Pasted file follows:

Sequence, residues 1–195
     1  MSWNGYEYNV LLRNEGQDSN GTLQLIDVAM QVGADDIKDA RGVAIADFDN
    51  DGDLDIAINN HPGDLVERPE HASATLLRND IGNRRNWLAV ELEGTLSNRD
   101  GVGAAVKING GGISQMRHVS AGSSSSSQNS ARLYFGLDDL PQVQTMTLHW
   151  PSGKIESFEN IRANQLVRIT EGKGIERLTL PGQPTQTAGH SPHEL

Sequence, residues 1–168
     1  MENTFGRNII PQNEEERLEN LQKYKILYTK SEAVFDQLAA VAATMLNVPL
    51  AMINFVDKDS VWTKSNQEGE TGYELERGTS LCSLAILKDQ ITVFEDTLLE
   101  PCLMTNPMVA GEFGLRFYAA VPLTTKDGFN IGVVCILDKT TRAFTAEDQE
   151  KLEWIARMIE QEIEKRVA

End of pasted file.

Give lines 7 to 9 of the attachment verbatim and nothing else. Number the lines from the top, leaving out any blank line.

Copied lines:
     1  MENTFGRNII PQNEEERLEN LQKYKILYTK SEAVFDQLAA VAATMLNVPL
    51  AMINFVDKDS VWTKSNQEGE TGYELERGTS LCSLAILKDQ ITVFEDTLLE
   101  PCLMTNPMVA GEFGLRFYAA VPLTTKDGFN IGVVCILDKT TRAFTAEDQE